The "Little" Sins Kendall Lankford
May 14, 2018
There are no such things as little sins. Every sin is damaging to our relationship with God. But, lets just be honest, we live in a world that seeks to minimize what the Bible calls sin. I do it. We all do it. We reduce the gravity of our sin down to the point it no longer stings our soul.
We take things that are offensive to God and then reframe it in language that is more palatable to our consciences.
For instance, how many politicians or celebrities have you heard make the claim “I made a mistake” when it is discovered that they are cheating on their spouse? They do not call it, sin or adultery, they reduce it down to the level of accidental carelessness. The same word I would use to describe spilling a glass of milk or tripping on a street corner – a mistake – is the word used for intentionally planning a prolonged relationship of sexual and emotional infidelity.
These are not the same!
In the same way, sins like divorce have now been reframed as “falling out of love”, "drifting apart”, or “we just weren't a good fit”. Fornication is now seen as a momentary “slip up”. Pornography, incest, rape, and grotesque violence are all rebranded under the guise of entertainment. Homosexuality is looked at as a normative sexual expression. Lying is no longer “wrong” so long as the information communicated is sincerely held and gluttony is pacified under titles like “foodie” or activities such as “boredom eating”.
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Even sins of omission like refusing to make disciples are described as: “this is just not my gifting” or “I am not qualified for that work” instead of the outright rebellion to God’s Word that the lack thereof actually entails. (c.f. Mt. 28:18-20)
I am convinced that this behavior is a universal human condition.
Christian or not, believer or skeptic, we all long to minimize our rebellion against God.
How can I say this?
Because I want to minimize my sins too. I cannot speak for everyone, but I know intimately how the human condition works because I am very human. I detest the fact that I am a sinner and would gladly scuttle along past that point without a moments reflection. To do that, I either have to deal with how sinful I am and be brutally honest about it, or I will do what I often do and minimize, trivialize, and placate my sin.
I think it is because I want to make myself out to be the good guy. I do not want to face the fact that I have failed or that I am flawed. I do not want to admit that if I were given a million chances I would fail a million times. I do not want to be powerless. I do not want to be weak. I am a prideful, ego-centric man, and do not want to feel the weight or burden of it all. I avoid the obvious truth so I can keep my sin outside of me instead of dealing with the reality that it is in me, affecting me, and infecting me.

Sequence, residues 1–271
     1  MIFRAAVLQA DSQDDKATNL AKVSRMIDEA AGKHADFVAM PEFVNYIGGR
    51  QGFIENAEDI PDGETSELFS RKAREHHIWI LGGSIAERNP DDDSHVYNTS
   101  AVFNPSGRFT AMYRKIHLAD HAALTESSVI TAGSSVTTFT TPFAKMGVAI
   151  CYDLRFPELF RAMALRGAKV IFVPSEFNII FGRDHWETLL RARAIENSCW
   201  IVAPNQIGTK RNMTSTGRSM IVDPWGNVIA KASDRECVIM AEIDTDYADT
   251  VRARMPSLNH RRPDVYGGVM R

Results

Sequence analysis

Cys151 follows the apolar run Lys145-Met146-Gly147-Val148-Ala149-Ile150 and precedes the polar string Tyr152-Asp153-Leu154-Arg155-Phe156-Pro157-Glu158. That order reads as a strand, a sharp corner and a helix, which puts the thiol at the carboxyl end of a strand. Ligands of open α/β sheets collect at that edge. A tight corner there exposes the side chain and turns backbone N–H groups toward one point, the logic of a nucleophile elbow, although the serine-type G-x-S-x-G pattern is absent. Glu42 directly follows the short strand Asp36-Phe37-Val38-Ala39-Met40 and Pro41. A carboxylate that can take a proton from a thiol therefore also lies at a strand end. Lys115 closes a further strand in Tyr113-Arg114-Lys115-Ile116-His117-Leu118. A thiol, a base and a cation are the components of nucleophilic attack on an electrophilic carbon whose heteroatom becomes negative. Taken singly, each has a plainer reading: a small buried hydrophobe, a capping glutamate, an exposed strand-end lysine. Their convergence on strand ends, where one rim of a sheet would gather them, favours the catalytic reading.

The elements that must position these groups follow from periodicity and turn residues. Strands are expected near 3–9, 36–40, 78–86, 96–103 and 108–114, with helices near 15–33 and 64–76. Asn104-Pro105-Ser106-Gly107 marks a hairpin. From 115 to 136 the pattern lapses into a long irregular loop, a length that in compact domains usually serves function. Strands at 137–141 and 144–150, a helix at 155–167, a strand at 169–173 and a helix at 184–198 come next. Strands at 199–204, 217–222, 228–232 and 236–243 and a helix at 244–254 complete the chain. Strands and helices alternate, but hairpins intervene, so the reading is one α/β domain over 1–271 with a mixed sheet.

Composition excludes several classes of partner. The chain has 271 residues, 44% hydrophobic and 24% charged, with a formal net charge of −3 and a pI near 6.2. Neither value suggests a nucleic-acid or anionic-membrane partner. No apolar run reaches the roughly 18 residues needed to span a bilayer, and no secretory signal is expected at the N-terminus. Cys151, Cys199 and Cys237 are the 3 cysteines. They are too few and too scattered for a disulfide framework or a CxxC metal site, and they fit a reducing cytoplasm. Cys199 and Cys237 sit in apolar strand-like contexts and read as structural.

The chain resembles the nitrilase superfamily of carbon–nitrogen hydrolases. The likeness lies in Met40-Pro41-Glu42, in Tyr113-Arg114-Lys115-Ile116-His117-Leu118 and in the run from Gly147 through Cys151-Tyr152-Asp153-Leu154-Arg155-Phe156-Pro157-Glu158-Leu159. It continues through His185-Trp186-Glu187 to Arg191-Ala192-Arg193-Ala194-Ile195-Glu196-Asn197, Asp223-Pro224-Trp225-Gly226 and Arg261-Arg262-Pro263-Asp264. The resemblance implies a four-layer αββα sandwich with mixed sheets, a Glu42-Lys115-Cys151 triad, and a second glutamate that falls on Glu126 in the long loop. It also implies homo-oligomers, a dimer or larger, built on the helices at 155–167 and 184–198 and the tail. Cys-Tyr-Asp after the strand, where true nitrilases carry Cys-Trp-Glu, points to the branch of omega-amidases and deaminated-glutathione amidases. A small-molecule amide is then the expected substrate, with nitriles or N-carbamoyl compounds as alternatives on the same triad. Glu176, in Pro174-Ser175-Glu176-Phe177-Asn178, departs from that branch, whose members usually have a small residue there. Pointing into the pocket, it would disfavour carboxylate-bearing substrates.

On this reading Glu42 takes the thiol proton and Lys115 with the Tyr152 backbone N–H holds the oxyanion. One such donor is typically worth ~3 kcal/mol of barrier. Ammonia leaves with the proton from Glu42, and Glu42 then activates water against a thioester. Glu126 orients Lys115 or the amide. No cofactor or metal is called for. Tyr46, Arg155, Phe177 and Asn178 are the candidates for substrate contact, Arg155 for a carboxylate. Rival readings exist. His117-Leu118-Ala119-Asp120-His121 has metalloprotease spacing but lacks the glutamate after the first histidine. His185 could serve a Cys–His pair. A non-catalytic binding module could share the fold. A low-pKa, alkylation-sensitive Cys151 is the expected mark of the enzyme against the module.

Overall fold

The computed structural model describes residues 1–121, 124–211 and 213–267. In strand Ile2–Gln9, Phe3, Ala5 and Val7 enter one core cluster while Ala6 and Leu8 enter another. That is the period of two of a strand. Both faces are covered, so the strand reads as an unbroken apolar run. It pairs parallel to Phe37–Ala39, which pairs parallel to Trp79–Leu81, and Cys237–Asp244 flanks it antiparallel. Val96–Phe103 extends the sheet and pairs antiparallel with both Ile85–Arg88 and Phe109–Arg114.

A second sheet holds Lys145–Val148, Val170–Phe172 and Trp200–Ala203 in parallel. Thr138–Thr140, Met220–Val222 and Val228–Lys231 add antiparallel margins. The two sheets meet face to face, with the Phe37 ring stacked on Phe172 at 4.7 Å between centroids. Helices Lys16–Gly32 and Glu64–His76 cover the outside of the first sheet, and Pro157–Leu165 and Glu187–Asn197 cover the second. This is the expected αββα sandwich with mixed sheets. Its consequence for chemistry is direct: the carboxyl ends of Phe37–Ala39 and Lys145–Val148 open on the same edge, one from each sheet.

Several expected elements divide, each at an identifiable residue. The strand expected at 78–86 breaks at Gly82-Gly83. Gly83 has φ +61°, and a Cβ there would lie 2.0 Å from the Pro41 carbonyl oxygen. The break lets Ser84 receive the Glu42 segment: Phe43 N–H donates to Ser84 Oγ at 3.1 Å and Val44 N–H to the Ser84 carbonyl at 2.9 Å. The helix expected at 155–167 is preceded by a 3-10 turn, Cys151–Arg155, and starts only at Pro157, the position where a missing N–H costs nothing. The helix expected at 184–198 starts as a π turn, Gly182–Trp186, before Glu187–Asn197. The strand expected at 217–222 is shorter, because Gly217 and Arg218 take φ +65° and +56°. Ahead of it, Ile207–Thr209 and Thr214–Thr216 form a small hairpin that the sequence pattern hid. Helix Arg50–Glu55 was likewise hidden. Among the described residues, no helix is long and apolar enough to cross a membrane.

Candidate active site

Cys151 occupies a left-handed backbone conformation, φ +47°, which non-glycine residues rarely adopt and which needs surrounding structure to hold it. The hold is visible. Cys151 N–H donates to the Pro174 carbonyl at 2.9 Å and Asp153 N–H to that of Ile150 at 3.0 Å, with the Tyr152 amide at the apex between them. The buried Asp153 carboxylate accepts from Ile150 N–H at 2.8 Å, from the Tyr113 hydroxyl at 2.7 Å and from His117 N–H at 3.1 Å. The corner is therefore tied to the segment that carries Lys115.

Like a viper that is killed by the very young she nourished within her belly, so is our relationship with God damaged by the little sins we allow to fester down inside of us. Ignoring them doesn’t actually help the situation. They still grow. Convincing ourselves we are all ok is not getting at the problem. In fact, it is only making it worse.
The longer I attempt to justify myself or make myself feel good, the deeper I will disappoint myself.
Imagine the fatalism of Sisyphus, a character in Greek Mythology, who was condemned to roll a massive boulder up a hill only to have it roll back down again for all eternity. That is like me trying to minimize my sins. I know why I do it, in order to make myself feel better and to avoid the pain of disappointment, but it leaves me stuck in a pointless cycle of futility that will never bring my soul the rest and relief it needs. The more we try to minimize our sin the more our inabilities are put on full display. For me, the simplest solution is to just admit that I am as bad as I think I am, because that is where true hope begins.
Are you serious?
Yes! Because, even though my sins do not condemn me, they are still there. I still sin. I have not yet entered into the glorious sinless reality that I long to enter one day in Christ. So, as long as I keep minimizing my sins on this side of eternity, I will minimize my need for Christ in my day to day living. The same is true for you. If you keep believing that you are basically good, you will find little need for the only one who is. But if we could all just be brutally honest, (blatantly and bluntly honest for a moment), and take a long hard look at who we really are, then we would have no other recourse but to turn and keep on turning to Christ.
When I am no longer hoping to find any goodness within me, I can finally accept that ALL goodness comes from something (or better yet someone) outside of me.
When I know I can’t, I will finally start to see that He can. When I am at the end of me I will begin to lean on Him. The best thing I can do for myself is to be honest, regardless of what the world thinks about me. I am a sinner! I am a wretch! I am not good! In fact,
I am far worse than any of you could ever know! But, He is better than I could ever dream!
Part of my own journey has been about getting over my own ego and pride so that I can be honest about who I am. I am a sinner! But that does not mean I have no hope. That does not mean I sit around and wallow in self-hatred and depression. For the first time in my life, I am totally free.
Because, when I stop seeing myself as good, I can look to the only one who is.